Many Different Flows of Data: an Interview with Geraint Lewis

Detail of image by r2hox, via Flickr. Click for more information.
Detail of image by r2hox, via Flickr. Click for more information.

Finding effective and efficient means of sharing information is a key challenge for anyone involved in science communication – and that’s particularly true for large-scale health systems, in which data inform a wide range of decisions related to both policy and practice.

To learn more about some of the challenges and opportunities in this arena, I talked to Dr. Geraint Lewis, chief data officer of the National Health Service in England.

Communication Breakdown: Before we get into your work as chief data officer of the NHS, I’d like to learn a little bit more about you. What’s your educational background?

Geraint Lewis: After finishing my A-levels at my local comprehensive school in Cardiff, I spent a year studying music in France before going to Cambridge to study medicine. As a junior doctor, I studied for my membership exams for the Royal College of Physicians, followed by a Masters in Public Health from the London School of Hygiene and Tropical Medicine, and then finally my membership exams for the Faculty of Public Health. I finished my training and qualified as a consultant in public health medicine in 2008. I’m currently studying for a qualification in Major Project Leadership at Oxford University’s Saïd Business School.

CB: You’ve worked in acute medicine and emergency medicine, dealing with patients that need urgent medical care. What led you to move from the emergency room to dealing with public health and policy issues?

Lewis: I still remember the moment I decided to switch from clinical medicine to public health medicine. I was working in an emergency department outside Sydney and it just dawned on me how interested I was in the similarities and differences between the Australian health care system and the NHS in England. It was at that point that I decided I would come back to the UK and specialise in public health; however, I continued to work weekend shifts in Accident & Emergency for many years afterwards.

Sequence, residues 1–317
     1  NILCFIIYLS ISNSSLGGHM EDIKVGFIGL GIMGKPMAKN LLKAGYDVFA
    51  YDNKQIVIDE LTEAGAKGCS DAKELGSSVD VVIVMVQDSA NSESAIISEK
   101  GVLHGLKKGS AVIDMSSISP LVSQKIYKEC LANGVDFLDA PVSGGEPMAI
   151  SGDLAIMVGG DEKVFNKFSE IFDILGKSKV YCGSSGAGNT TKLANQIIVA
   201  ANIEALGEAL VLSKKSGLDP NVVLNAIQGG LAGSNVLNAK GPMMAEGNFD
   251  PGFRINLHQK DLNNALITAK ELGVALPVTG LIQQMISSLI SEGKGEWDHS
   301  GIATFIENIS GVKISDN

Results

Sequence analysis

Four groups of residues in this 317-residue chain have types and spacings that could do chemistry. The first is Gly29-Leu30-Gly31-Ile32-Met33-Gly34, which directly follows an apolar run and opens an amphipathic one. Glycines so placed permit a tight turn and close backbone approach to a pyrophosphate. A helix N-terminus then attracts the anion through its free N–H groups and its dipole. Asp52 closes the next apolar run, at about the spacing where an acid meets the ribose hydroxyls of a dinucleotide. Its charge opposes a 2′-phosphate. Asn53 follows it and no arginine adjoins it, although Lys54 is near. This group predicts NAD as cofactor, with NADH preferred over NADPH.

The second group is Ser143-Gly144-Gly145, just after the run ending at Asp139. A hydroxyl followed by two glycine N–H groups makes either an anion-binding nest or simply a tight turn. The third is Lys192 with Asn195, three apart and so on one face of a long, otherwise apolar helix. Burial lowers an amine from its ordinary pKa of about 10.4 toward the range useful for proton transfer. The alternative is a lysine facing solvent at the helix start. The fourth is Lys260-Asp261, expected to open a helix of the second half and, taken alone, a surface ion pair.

CB: In 2004, you began developing something called the “Virtual Wards” project. Can you explain what that is?

Lewis: Two nurses and I conceived the idea of a “virtual ward” as a way to improve the coordination of health and social care services for high-risk patients in the community. A virtual ward uses some of the systems and routines of a hospital ward for patients in their own homes, such as a single set of notes, regular multidisciplinary team meetings, and a ward clerk to coordinate the team. The word “virtual” is used because the “virtual ward” does not have any physical premises. Instead, the patients are cared for at home.

I had recently moved from being a hospital doctor to working in the community and one of the things that struck me was how many great services were being offered to patients in the community; however, it was disappointing that these services were not better joined up. For example, I heard stories about patients receiving the tests and investigations multiple times in the course of a single week simply because different community teams did not know what each other were doing. Virtual wards aim to improve communication to avoid this type of inefficiency.